In a decision that surprised no one, Wisconsin’s activist Supreme Court rewrote state law in order to throw out Governor Tony Evers’ stay-at-home order. Only one of the Court’s so-called conservatives, Brian Hagedorn, was willing to read the plain text of the statutes at issue to reach the obvious conclusion that the governor and health secretary designee Andrea Palm acted lawfully. In a striking rebuke of the judges he sides with almost 100 percent of the time, Hagedorn wrote:
The rule of law, and therefore the true liberty of the people, is threatened no less by a tyrannical judiciary than by a tyrannical executive or legislature. (bold added).
The full text of the court’s majority opinion and dissents can be found here.
There’s much to be bothered by in the majority opinion, including the fact that the thirty-plus pages of it seem tone-deaf to the scale of the public health emergency that led to the stay-at-home order in the first place. (Maybe this was to be expected, as Chief Justice Roggensack apparently doesn’t see all the victims of the disease as “regular folks.”).
These judges get to pontificate freely on the technical legal distinctions between “rule” and “order” from the safety of their homes without any appreciation at all that the freedom they are sentencing many workers to is the “freedom” to serve patrons in establishments with mostly voluntary rules for masking, social distancing, and sanitizing. No doubt that workers uncomfortable with risking their lives to go back to work will be put in a position of losing unemployment benefits if they refuse to do so. That’s the kind of “freedom” that comes straight out of Orwell’s 1984.
More outrageous to me is the Court’s invoking of the World War II era Korematsu decision as a way of branding themselves as guardians of liberty during a crisis. Fred Korematsu was 23-years-old when the FDR administration invoked an executive order placing Japanese-Americans in “relocation centers.” Korematsu refused to submit, and his case ended up making its way all the way to the Supreme Court of the United States. Korematsu became a life long civil rights activist, eventually earning the Presidential Medal of Freedom in 1998.
In a disgraceful 1944 decision, the Supreme Court ruled against Korematsu in a 6-3 vote. Justice Robert Jackson’s dissent exposed the racism at the root of the order and the decision: “the Court for all time has validated the principle of racial discrimination … The principle then lies about like a loaded weapon, ready for the hand of any authority that can bring forward a plausible claim of an urgent need.”
Think about the sheer absurdity of comparing a presidential order targeting a racial group during wartime with a governor and health secretary following CDC guidelines to save lives during a pandemic. Mentioning the two crises in the same breath is especially specious given the fact that racial minorities in Wisconsin are suffering disproportionately from Covid-19, and so lifting stay-at-home orders actually makes their plight worse.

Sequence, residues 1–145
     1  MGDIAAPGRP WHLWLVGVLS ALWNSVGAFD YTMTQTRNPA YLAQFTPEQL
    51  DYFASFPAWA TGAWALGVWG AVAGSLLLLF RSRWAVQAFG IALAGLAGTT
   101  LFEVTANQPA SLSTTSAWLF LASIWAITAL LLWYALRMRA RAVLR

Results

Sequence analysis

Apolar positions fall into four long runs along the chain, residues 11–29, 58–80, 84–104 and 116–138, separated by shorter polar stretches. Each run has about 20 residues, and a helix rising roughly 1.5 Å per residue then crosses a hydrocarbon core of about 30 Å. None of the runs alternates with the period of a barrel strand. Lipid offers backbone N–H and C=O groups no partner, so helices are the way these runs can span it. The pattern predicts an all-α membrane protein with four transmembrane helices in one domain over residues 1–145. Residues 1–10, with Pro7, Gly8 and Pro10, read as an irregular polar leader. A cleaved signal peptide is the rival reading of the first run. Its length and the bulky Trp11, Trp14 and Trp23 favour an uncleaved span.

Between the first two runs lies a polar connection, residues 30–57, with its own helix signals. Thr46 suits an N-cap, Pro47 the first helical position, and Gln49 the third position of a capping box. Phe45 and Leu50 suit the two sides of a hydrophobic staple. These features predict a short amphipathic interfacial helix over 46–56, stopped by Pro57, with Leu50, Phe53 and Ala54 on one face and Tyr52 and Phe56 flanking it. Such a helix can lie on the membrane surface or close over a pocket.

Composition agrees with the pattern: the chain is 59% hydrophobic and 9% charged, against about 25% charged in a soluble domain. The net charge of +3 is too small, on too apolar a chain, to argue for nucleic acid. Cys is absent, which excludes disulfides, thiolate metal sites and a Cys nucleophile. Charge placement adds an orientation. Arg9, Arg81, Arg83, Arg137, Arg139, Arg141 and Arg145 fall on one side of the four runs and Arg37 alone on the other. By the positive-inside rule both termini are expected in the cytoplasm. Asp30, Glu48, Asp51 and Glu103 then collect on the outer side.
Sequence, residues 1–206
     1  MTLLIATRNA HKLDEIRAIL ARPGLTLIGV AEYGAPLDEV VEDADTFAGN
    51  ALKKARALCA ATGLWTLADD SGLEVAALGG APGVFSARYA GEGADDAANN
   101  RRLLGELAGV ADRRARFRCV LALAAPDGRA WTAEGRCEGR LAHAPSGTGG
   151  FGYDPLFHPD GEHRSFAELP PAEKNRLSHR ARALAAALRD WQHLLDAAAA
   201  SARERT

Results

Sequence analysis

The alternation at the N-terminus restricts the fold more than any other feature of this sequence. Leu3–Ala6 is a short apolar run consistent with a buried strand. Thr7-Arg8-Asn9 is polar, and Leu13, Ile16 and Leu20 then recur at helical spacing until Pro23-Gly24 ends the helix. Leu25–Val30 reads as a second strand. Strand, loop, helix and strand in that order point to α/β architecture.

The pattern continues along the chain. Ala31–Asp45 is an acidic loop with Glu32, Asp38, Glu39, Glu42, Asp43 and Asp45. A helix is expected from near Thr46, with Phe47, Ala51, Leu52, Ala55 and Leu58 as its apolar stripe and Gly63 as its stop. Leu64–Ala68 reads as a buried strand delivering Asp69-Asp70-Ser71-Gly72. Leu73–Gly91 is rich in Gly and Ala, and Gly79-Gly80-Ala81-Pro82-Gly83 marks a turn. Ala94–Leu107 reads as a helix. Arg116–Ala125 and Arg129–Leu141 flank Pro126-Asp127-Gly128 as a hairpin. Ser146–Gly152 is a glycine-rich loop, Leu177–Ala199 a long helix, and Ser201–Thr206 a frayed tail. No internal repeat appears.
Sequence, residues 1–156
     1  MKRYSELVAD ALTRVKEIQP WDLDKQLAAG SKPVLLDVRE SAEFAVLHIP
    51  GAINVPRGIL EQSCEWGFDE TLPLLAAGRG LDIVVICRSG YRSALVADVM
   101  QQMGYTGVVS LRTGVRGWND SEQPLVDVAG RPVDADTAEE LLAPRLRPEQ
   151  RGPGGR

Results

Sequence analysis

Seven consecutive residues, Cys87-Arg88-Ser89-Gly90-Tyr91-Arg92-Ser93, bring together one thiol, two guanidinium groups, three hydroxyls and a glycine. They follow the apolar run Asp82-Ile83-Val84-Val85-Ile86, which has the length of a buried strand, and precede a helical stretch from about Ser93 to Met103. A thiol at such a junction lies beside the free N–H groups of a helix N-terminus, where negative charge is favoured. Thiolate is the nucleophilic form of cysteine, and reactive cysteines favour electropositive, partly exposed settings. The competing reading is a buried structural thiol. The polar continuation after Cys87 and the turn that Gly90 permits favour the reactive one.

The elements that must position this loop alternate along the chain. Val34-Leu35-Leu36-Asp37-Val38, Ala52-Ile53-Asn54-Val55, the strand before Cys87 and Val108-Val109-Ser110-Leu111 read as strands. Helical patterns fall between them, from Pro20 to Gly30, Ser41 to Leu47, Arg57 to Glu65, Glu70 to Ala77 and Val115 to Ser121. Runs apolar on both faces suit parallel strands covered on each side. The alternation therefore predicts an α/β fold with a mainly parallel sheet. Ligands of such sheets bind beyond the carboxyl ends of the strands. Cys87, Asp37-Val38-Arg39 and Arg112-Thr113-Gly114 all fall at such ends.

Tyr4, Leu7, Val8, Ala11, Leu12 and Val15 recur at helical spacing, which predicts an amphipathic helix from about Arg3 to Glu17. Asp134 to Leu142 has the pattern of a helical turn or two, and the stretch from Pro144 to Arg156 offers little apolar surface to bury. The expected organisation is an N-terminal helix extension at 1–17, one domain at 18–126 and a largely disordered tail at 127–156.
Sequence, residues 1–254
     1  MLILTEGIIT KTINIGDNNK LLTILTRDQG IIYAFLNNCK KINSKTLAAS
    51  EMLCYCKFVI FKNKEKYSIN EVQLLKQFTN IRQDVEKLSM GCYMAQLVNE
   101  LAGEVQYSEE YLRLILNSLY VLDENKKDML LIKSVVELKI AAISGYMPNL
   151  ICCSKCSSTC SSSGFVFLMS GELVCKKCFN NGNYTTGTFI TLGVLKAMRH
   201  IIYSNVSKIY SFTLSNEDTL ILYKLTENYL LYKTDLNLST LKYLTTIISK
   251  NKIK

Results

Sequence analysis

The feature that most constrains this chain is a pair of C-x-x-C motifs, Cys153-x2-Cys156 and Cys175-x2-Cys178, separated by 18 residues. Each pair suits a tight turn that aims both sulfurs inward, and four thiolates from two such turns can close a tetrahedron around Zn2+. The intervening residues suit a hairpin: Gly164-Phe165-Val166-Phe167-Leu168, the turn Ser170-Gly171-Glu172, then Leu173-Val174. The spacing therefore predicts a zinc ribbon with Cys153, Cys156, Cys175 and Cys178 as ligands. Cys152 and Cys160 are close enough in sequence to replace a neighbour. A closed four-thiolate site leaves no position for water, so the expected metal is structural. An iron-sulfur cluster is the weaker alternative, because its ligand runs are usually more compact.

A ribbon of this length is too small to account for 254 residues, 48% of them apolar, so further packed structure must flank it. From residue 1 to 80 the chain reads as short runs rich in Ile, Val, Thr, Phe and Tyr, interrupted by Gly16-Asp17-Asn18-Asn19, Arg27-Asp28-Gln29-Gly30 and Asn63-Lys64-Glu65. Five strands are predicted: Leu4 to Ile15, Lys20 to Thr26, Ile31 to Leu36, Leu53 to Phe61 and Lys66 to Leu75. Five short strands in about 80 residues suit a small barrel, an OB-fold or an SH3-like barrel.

Forced to acknowledge the inappropriateness of the analogy, Justice Bradley found a spin that probably wouldn’t get a passing grade in a first-year law school exam:
Although headlines may sensationalize the invocation of cases such as Korematsu, the point of citing them is not to draw comparisons between the circumstances of people horrifically interned by their government during a war and those of people subjected to isolation orders during a pandemic. We mention cases like Korematsu in order to test the limits of government authority, to remind the state that urging courts to approve the exercise of extraordinary power during times of emergency may lead to extraordinary abuses of its citizens.
So Justice Bradley and her partners in judicial spin doctoring would have us believe that they really do see the actions of President Roosevelt and Governor Evers as similar forms of executive branch overreach. Here are my questions:
Does anyone really think that these four partisan hack judges, had they been on the United States Supreme Court in 1944, would have sided with Fred Korematsu? Seriously?
Does anyone really think that judges who raise big money and get elected in part due to the influence of well financed lobbying organizations like Wisconsin Manufacturers and Commerce, Americans For Prosperity, and the Wisconsin Tavern League–all of whom filed amicus briefs in this case that just coincidentally reached the same conclusions as the four judges–are objective arbiters of the law?
If you answered “yes” to any of those questions, then I’ve got a Clorox cocktail treatment for your virus symptoms to sell you. The only real shock in this case is that Judge Hagedorn was able to stand against the BS, bluster, and bullying. Kudos to him for that.
The sad reality is that Wisconsin Legislature v. Palm demonstrates, once again and painfully, how in Wisconsin the public interest takes a back seat to partisan politics as war and special interest influence peddling. We the people are collateral damage in this war. So addicted to that sick system are Madison’s power brokers that not even a global pandemic can get them to rise above pettiness, posturing, and pacification of their corporate masters. As noted in Judge Dallet’s dissent:
It is clear that a majority of this court has no appreciation of the consequences of doing the Legislature’s bidding in the midst of a pandemic. The Legislature has always had the power to act, but would rather ask this court to do so to avoid political fallout. Unfortunately for Wisconsinites, this court took the bait.
And I would add that they dishonored the memory and legacy of Fred Korematsu in doing the legislature’s bidding. Shame.